A: I worked as a computer engineer for NASA at Langley Research Center in Hampton, Virginia, for 30 years. I retired from NASA in January 2014, just before I returned to active duty to work as the historian for the NRCC. My job at NASA was more technical. My degree is in computer engineering from Christopher Newport University. The one process that is similar to both engineering and documenting naval history is that engineering requires you to observe an event, take data, analyze the data, and write a report. Writing about naval history uses the same process.

Q: Can you describe your Navy Reserve career and give us some of your most memorable career highlights?

A: I initially served on active duty from 1974 to 1982 before becoming a Reserve Sailor, where I would serve in the Naval Inshore Undersea/Naval Coastal Warfare (NCW) community for 20 years. Prior to 2001, 100 percent of Navy port security and coastal chokepoint and underwater surveillance capability was in the Naval Reserve. One of the memorable highlights, for me, was when the NCW community was mobilized after the USS Cole and 9/11 attacks. We were already trained to go at a moment’s notice and it was gratifying to know that when the Navy called, we were ready.

Q: Did you have any mentors throughout your career?

A: Yes, my Dad served for twenty years on active duty 1951-1971 and retired as a Senior Chief Radioman. I always wanted to be like him. I also had a mentor; we didn’t call them that in the 1970s, who was a radioman first-class and my LPO. His name was Carl L. Fuller and he taught me how to be a good radioman. Later, another friend, CMDCM Tom Cramer, showed me how to be a good Command Master Chief.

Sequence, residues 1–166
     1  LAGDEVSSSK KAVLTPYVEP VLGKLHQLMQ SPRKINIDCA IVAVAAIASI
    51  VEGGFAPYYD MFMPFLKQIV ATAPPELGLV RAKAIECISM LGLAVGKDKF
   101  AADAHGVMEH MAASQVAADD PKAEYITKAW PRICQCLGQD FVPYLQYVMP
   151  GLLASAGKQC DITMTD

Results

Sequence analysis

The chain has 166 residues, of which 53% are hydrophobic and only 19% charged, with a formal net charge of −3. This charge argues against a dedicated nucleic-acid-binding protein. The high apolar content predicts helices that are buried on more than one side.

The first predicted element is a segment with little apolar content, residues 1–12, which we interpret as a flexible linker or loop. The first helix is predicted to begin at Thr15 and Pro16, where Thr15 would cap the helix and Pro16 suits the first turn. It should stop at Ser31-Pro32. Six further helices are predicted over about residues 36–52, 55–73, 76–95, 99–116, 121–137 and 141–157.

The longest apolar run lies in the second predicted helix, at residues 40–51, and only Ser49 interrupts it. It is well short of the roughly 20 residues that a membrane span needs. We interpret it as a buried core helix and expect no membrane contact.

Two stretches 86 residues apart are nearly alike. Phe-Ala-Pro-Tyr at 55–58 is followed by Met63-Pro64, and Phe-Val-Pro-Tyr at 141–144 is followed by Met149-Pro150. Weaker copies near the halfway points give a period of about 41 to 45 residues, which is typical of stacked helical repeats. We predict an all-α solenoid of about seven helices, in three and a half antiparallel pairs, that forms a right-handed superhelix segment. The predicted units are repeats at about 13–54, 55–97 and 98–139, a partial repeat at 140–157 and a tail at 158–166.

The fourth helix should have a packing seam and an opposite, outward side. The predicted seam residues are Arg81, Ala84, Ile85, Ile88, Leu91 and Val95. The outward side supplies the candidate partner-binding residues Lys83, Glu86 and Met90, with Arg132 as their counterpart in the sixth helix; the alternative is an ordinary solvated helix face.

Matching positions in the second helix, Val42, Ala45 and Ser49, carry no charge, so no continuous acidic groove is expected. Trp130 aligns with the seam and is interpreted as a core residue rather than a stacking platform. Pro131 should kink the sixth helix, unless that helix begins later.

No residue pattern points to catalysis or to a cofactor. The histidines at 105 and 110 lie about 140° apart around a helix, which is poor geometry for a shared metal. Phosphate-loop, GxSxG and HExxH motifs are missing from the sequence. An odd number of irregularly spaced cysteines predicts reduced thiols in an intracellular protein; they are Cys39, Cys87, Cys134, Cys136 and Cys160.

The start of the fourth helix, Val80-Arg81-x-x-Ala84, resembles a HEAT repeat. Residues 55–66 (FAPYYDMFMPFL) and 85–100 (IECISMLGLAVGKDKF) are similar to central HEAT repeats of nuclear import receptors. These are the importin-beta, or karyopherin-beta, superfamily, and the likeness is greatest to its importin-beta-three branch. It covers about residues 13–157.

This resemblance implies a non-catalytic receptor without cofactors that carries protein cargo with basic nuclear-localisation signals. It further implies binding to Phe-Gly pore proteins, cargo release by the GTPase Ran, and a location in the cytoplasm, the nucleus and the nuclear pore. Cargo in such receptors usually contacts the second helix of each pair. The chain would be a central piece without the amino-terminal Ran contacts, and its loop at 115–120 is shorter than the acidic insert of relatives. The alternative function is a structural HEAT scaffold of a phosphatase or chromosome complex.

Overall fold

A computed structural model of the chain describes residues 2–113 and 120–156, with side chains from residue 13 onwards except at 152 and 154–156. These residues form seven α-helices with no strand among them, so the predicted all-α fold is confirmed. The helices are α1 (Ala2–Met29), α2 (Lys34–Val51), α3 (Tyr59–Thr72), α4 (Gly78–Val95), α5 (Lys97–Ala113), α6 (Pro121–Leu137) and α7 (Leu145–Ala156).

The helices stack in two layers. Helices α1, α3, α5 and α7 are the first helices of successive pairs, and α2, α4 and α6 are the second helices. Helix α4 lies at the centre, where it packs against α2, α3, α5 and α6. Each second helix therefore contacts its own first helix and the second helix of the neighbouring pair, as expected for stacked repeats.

Q: What is your next project?

A: I’m planning on writing a paper that documents how the lives of Sailors have changed over the last 70 years. There have been numerous changes in policy and technology that have influenced how Sailors interact with each other and the general public. Morals and ethics have also evolved as a result of many of the policies that were implemented in the early 1970s under CNO Zumwalt (Chief of Naval Operations Adm. Elmo "Bud" Zumwalt Jr.). I look forward to interviewing former and current Sailors, comparing and contrasting their experiences.

Q: What career advice can you offer to those who may be thinking about joining the Navy Reserve?

A: If you are on active duty and are thinking about getting out, you should seriously consider the Navy Reserve. It enables you to continue serving our country while working in your community. You can continue your education while continuing to advance in rate or paygrade. You can also return to active duty if you really miss it. I’ve met many former Sailors who got out of the Navy and regret not staying in the Reserve. It’s a great job, and the pay isn’t too bad either!

Information Systems Technician Master Chief James L. Leuci at Navy Expeditionary Logistics Support Group (NAVELSG) Yorktown, Virginia, for a Pearl Harbor commemoration event.
Navy Reserve Centennial logo
1919. Storekeeper First Class Petty Officer wearing a World War I era dress blue uniform. U.S. Navy photo.
1948. Naval Reserve recruiting poster emphasizing the Citizen-Sailor Concept of the Naval Reserve. U.S. Navy image.